I took on 3 classes yesterday and… I survived!!!!! Now if you follow me on twitter you do know I made the small error of writing in sharpie on the white board but beside that things went really well. I used this exponent lesson from misscalcul8 (which was adapted from this by Sean Sweeney). It went great except for a few hiccups.

Students really resisted the “guess your answer” part of the worksheet. I knew students would probably not remember the properties but I assumed that after guessing and working with the numbers they might recall a few things from their Algebra 1 days (last year!). However they felt uncomfortable using any prior knowledge, number sense, or general guessing to come up with an answer. Many times as I was walking around the room I heard “I’m stuck” on that part – which was bananas because kids could literally put BANANAS and not be wrong. It makes me really sad that kids are SO scared of math that they won’t even put pen to paper in fear of failure (or maybe I’m reading too much into it). This really opened my eyes to some general goals I want to have with these students.

- Become a critical thinker – learn how to be creative, take advantage of things you know, write down what you’re given, make the problem simpler, find an alternative way to solve something, construct the solution before knowing the formula/rule and general strategies to solving more challenging problems
- Have more fun with math! Most of the students seemed so hesitant about guessing; usually when I won’t guess it’s because I’m scared to be wrong. I really want to show them that great success can come out of failure.
- Provide meaningful work. So many handouts, homework assignments and lectures are based on busy work. I want to make math relevant and meaningful not just in the classroom but at home. I want these kids to find value in math and notice it around them.

I asked my co-op about the inability to guess/link prior knowledge and he explained that, “The students here only do well if they completely understand what they are doing.” Let me dissect this a little bit for you all; “Do well” means work quietly and efficiently on what’s assigned and “completely understand” translates to replicate the example problems left on the board. I’m sorry – but that’s not thinking, hell that’s not even doing math. When I was having a conversation with the department head about the scary seniors (a post for another time) he responded the exact same way. The only way to “control” them is to give them something they understand. They don’t like to struggle, they don’t want to be wrong, they only regurgitate information which is why they don’t retain it. And that is exactly why we have spent 6 days covering chapter 1 sec 1 and 2.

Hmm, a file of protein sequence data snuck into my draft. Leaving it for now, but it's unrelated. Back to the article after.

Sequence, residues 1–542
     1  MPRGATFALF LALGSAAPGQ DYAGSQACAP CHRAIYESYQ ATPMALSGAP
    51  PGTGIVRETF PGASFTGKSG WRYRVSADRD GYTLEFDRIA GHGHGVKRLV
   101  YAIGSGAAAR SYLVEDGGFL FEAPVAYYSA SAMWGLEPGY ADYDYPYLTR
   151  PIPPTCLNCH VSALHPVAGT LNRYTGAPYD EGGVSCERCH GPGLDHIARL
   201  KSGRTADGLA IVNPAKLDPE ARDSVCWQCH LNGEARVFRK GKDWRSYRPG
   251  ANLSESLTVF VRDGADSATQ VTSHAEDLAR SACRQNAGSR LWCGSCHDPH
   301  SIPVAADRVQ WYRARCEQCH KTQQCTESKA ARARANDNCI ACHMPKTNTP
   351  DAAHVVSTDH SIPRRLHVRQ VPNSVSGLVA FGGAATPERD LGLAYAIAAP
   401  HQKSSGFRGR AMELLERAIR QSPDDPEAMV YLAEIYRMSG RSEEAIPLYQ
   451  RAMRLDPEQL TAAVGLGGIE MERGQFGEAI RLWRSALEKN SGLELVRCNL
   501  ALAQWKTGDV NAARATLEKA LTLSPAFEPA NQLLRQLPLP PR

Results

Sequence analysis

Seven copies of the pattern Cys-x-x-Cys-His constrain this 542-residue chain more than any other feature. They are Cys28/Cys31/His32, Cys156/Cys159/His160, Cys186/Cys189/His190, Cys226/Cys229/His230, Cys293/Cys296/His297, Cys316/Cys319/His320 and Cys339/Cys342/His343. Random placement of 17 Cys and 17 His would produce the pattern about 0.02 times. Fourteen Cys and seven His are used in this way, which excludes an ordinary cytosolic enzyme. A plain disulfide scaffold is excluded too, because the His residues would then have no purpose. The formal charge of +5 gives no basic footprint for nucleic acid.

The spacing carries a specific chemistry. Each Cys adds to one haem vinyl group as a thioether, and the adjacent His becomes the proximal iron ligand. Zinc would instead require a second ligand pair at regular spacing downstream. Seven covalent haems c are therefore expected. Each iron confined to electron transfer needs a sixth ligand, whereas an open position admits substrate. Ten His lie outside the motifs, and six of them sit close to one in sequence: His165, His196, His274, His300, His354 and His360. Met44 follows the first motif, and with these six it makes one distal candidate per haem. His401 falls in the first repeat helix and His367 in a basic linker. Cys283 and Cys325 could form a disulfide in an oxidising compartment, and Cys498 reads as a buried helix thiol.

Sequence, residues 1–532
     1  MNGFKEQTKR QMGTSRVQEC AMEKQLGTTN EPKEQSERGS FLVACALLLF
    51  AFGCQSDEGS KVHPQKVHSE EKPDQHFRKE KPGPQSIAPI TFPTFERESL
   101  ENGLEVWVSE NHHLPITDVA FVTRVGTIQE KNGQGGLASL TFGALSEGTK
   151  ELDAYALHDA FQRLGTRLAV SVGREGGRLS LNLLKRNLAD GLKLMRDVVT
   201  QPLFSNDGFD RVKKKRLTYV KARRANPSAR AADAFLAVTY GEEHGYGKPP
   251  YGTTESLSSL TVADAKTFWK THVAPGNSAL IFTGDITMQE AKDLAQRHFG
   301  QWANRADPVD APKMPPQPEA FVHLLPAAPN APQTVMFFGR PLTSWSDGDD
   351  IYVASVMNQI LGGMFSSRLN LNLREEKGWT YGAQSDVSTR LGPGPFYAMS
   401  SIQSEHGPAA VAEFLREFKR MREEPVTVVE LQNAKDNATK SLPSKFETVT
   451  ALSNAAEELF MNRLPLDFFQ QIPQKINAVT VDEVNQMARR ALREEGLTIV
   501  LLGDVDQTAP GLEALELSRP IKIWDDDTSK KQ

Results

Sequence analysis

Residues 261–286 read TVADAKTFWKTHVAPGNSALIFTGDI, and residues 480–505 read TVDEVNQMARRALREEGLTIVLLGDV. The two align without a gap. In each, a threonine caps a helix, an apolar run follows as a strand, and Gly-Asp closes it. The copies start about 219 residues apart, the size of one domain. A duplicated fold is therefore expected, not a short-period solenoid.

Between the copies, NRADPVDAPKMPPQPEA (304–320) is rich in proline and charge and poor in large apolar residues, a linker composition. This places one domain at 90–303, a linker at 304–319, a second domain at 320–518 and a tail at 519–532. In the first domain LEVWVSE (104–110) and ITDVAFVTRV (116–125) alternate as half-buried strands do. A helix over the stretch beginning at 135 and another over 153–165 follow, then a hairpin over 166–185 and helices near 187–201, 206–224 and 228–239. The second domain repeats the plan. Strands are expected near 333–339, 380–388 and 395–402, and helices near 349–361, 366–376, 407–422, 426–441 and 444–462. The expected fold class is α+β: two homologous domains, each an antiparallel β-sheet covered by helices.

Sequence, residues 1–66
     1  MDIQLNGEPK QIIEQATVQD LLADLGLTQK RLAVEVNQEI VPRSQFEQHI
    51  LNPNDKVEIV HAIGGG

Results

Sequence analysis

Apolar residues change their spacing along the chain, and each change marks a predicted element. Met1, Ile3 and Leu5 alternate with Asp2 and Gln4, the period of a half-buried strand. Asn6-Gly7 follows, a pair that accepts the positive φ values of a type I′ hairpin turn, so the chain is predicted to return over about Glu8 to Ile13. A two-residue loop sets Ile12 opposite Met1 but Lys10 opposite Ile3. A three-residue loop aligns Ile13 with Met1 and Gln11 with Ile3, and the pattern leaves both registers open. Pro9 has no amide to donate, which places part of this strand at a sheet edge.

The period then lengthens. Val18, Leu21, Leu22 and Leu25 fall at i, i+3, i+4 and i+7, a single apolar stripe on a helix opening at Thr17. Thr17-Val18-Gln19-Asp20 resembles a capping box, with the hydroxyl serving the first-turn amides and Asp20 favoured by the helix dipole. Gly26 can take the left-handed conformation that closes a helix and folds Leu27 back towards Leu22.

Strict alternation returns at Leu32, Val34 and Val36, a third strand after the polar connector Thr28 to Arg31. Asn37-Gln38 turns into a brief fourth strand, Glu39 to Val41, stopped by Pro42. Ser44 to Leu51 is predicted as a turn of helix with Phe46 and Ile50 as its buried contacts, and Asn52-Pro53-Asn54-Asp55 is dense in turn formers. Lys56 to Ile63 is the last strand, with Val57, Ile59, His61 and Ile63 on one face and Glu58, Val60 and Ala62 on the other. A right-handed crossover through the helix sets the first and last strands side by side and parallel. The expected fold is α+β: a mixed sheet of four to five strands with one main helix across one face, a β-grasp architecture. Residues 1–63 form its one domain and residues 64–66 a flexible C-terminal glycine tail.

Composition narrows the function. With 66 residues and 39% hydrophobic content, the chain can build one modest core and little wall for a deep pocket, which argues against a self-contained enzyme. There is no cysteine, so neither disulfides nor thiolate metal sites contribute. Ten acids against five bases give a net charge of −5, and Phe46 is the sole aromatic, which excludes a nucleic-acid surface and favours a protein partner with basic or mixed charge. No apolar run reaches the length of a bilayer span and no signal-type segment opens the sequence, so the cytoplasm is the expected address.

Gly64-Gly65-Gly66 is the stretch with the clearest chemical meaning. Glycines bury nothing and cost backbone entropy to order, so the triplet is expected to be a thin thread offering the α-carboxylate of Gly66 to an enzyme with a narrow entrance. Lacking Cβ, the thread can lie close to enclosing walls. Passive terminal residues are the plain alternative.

It’s going to be important for me to walk the fine line between struggle and frustration with these kids and I know that’s going to take a lot of trial and error as a new teacher. I read these posts by @delta_dc on gradual release of responsibility and I think this is the type of model I may want to begin with to get them more comfortable with individual discovery. He wrote about students constantly seeking help from the teacher and backing off and noticing the frustration on the kids face. Let’s just say this – I’m known for being the bitch tutor who won’t give you the answer when you ask the first time, I will always say TRY SOMETHING. But, I need to be careful not to frustrate them so much that they turn off, shut down and put their heads on their desks. I also don’t want to remove all the struggle (hey, that’s using the brain!) so like I said, trial and error. I’m going to aim for engagement, strong worksheets/supplementary material, and reading up on GRR and other methods some more!

Anyway, I literally went to bed at 7pm last night but it’s worth it – I’M FINALLY TEACHING!